I think its pretty novel and unique. Sometimes graphical notation can tease out some key insight that can be seen in algebraic notation. In this case, we'' just have to see what follow-on papers come out in support of it.
Consider how use Venn diagramming has become. It has its limits but is a great way to represent set relationships and mathematicians have extended the notation beyond the 2D representations we are taught.
One other such example while not graphical in nature is vector operations vs differential forms operations. GR folks utilize differential forms notation over tensor notation until it's time to do an actual numerical computation where the indices are needed to unpack the DF result into simpler expressions that are integrable or differentiable.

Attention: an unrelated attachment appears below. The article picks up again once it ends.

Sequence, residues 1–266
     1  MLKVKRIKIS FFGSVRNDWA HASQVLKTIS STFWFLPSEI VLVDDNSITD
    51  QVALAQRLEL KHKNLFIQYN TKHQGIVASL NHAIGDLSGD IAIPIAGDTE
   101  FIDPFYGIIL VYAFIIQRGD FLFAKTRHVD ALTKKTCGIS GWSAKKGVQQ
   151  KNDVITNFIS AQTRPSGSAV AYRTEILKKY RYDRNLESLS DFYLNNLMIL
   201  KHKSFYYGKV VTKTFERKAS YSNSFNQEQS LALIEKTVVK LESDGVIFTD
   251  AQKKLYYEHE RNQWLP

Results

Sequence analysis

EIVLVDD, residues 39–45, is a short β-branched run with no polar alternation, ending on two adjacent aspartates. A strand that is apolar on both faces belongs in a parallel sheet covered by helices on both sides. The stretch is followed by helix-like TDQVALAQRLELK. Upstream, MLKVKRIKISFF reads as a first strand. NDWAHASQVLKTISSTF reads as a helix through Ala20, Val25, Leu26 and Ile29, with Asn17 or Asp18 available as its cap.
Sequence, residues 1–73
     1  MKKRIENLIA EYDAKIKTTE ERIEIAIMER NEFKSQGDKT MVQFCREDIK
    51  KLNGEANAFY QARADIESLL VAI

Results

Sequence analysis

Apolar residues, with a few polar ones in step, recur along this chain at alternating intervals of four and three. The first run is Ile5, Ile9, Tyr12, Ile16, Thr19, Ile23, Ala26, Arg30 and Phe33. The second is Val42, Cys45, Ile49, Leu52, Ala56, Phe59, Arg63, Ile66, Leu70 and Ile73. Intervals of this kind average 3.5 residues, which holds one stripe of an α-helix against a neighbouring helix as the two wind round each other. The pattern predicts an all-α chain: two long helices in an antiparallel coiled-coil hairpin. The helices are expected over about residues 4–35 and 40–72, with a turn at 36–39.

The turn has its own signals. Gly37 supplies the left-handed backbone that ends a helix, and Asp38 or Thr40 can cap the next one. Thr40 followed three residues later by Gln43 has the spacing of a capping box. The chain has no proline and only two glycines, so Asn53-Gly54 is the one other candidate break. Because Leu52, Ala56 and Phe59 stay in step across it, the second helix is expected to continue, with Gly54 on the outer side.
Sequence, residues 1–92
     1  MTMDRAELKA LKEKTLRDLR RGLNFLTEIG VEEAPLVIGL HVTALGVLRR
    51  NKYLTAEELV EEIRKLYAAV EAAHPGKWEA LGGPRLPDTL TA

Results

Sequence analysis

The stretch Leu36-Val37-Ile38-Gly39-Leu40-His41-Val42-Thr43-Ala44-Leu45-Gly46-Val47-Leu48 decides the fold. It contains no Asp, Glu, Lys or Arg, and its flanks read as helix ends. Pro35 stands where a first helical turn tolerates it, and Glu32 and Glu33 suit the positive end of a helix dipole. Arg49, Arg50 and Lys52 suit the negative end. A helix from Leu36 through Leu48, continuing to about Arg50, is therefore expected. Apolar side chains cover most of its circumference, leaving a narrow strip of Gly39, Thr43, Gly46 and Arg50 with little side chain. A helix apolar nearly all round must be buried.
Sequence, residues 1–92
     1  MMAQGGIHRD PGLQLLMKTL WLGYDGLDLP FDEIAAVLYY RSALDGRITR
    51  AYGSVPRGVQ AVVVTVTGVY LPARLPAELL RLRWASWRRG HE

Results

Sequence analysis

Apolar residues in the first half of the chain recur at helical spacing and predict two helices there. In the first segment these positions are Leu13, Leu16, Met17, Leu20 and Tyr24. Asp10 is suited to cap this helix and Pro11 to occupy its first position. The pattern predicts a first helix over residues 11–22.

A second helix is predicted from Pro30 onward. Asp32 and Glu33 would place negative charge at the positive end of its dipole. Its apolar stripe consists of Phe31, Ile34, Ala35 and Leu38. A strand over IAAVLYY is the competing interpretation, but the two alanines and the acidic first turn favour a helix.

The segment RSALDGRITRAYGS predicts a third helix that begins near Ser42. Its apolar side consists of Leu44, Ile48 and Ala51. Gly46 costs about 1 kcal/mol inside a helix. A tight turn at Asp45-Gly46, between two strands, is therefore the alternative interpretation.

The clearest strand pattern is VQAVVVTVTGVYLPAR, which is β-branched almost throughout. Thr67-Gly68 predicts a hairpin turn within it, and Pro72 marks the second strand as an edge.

Also you need to understand the reason it was developed. In programming for example, Symonyi variable naming notation was quite popular in Windows programming as it carried the meaning of a variable in it name so you didn't have to keep returning to the declaration to figure out what operations would work on it. It also grouped variable by a common suffix.
Symonyi notation was developed because programmers didn't yet have the IDE (integrated development environment) tools that would understand programming context and variable usage.